Virginia Landmarks
December 2, 1998
          
Fairlington Historic District
60th Anniversary Events
          
National Register
March 29, 1999
Historic Designation Seal
Homes in Historic Fairlington
Homes in Historic Fairlington
Historic Designation Seal

Fairlington Receives Prestigious
"Test of Time" Award

From the Virginia Society, American Institute of Architects

Community Nominated by Charles Matta, AIA, Fairlington Resident
 
Photo of Ronald E. Patterson, President, Fairlington Historical Society, Terry Placek, Vice-President, Fairlington Historical Society, and Charles Matta AIA - Test of Time Award












Ronald E. Patterson, left, and Terry Placek, center,
Representing the Fairlington Historical Society,
Pose With the "Test of Time" Award Along with
Charles Matta, AIA, Who Nominated Fairlington

November 8, 2002. At the "Visions for Architecture" Awards Ceremony, the Fairlington Community received the 2002 "Test of Time" Award from the Virginia Society of the American Institute of Architects (VSAIA). The award recognizes the lasting value of excellence in architectural design.

The ceremony, which was hosted by the Virginia Foundation for Architecture, was held at the Commonwealth Club in Richmond, Virginia, and was attended by more than 400 Virginia architects and guests. This recognition is awarded annually to "a building or group of buildings that has functioned in essentially the same manner as originally designed for at least twenty-five years."

Fairlington owes a debt of gratitude to Charles Matta, AIA, a resident of our community, who nominated Fairlington for this award. Mr. Matta is an architect, past President of the Northern Virginia Chapter of the Virginia Society AIA, and a community activist who has worked in the Fairlington Citizens Association (FCA) and his condominium association.

The "Test of Time" award received by Fairlington was one of twenty-six (26) awards to individual architects, architectural firms, and structures recognized at the honors and awards ceremony by the VSAIA.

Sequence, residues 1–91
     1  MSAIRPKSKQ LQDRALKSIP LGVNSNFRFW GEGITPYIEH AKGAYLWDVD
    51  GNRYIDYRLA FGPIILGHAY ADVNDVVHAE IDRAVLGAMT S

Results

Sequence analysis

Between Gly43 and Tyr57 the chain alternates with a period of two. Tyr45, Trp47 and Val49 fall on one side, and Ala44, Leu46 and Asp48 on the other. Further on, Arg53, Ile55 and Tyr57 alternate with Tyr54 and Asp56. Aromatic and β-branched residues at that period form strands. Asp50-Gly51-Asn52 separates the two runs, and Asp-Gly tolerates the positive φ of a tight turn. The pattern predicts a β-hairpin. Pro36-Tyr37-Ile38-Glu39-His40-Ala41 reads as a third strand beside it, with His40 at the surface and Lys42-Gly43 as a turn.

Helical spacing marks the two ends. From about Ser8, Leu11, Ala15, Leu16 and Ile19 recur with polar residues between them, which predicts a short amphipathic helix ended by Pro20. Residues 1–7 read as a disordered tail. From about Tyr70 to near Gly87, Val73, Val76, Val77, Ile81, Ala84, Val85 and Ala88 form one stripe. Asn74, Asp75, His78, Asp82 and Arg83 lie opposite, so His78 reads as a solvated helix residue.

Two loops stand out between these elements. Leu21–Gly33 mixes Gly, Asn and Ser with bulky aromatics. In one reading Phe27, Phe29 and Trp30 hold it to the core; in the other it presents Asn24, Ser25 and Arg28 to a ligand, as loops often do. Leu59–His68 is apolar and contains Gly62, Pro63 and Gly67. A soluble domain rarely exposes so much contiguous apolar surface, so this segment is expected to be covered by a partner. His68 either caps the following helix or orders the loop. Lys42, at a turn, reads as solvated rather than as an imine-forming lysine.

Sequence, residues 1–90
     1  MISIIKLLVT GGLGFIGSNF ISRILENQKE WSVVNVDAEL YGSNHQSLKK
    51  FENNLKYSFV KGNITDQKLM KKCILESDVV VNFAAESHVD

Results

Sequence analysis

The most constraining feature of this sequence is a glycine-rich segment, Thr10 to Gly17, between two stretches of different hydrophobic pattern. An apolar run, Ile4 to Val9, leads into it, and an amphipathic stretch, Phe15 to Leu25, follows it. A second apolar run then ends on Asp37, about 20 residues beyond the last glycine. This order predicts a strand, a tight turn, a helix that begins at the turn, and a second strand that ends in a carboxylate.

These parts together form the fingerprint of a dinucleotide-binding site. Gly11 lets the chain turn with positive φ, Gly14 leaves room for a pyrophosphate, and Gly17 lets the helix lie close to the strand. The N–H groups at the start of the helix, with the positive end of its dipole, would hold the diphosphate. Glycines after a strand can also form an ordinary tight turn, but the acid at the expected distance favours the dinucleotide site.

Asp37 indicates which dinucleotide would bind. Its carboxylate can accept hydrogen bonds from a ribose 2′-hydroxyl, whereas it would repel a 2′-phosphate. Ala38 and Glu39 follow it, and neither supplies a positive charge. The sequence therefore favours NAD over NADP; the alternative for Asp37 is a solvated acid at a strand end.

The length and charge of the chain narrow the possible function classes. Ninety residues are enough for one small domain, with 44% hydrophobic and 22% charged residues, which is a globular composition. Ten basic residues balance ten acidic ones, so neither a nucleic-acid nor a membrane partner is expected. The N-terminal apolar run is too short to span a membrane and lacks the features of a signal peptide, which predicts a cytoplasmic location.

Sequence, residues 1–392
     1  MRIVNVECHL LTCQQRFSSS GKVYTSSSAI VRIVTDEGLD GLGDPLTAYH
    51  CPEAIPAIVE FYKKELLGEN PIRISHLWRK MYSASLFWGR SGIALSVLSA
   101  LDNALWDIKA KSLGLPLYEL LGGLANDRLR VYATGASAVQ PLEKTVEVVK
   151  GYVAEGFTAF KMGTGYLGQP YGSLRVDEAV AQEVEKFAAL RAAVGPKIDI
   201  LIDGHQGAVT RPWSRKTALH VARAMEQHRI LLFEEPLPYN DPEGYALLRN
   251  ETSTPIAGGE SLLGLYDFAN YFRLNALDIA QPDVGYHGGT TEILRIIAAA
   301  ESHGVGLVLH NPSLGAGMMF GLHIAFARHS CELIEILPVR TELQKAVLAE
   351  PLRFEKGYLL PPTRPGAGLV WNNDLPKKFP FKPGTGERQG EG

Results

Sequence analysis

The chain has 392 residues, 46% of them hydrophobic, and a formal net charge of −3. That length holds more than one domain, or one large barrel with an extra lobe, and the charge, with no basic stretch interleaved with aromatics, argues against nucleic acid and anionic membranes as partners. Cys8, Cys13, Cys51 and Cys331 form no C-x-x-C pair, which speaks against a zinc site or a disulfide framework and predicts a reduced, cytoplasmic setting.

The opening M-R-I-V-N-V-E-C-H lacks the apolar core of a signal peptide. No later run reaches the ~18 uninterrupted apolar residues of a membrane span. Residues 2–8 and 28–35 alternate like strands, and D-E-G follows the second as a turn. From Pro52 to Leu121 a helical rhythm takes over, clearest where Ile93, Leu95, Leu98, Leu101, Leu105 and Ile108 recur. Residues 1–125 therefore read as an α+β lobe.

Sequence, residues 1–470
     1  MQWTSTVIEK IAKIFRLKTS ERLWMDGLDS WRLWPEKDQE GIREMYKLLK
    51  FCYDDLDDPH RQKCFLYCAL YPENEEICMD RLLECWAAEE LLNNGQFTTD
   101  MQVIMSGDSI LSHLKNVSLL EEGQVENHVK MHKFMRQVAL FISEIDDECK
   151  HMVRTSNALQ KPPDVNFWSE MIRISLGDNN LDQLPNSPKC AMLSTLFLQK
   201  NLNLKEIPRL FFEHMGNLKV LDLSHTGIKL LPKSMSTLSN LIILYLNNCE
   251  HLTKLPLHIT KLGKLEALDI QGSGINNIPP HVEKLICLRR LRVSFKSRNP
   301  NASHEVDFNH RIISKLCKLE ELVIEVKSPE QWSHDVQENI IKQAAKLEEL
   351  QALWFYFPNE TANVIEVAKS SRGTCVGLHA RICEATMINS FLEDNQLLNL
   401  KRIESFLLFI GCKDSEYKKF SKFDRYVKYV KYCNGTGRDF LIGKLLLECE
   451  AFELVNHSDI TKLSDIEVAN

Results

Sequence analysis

Working with the Society, the Virginia Foundation for Architecture seeks to enlarge and encourage the community of supporters who, by profession or education, have made creating, preserving, and enhancing Virginia's communities an important life commitment. The Foundation will celebrate its golden anniversary in 2004. Accepting the award on behalf of Fairlington was Ronald E. Patterson, President, Fairlington Historical Society. Accompanying Mr. Patterson at the ceremony was Terry Placek, Vice-President, Fairlington Historical Society.

Photo of Robert A. Magoon, Jr. Virginia Society AIA President-Elect and Ron Patterson, President, Fairlington Historical Society - Test of Time Award












Shown above is Robert A. Magoon, Jr., (left)
Virginia Society AIA President-Elect,
Congratulating Mr. Patterson, (right)
who Accepted the Award on Behalf of Fairlington

The Virginia Society AIA is the state component of the American Institute of Architects. Since 1914, VSAIA has represented the professional interests of architects in the Commonwealth of Virginia. As VSAIA members, more than 2000 architects, associates and allied professionals express their commitment to excellence in design and livability in our state's buildings and cities.

The letter (dated September 17, 2002) informing the community of the award was addressed to Catherine Fellows, author of "Fairlington at 50" and a long-time resident of Fairlington. Ms. Fellows was unable to attend the ceremony.

Following is the text of the award justification for Fairlington:

"Arlington's 1940s garden apartment community offers an early example of successful community planning and large-scale rental housing. Kenneth Franzheim, FAIA, and Alan B. Mills designed the defense community housing as America entered World War II, in accordance with President Franklin D. Roosevelt's executive order. More than 3,400 units were built for Pentagon workers in just two years, and initial monthly rents ranged from $58.50 to $89.50. The community, named for the two counties in which it lies (Fairfax and Arlington), converted to condominiums in the 1970s."

"Fairlington represents the best of mid-20th-century residential construction, and both the Virginia Landmarks Register and the National Register of Historic Places added it to their rosters in the 1990s. The exemplary Colonial Revival design reflects the charm of an earlier era, and perhaps influences its devoted residents to maintain an exceptional sense of community."




Links
Virginia Society, American Institute of Architects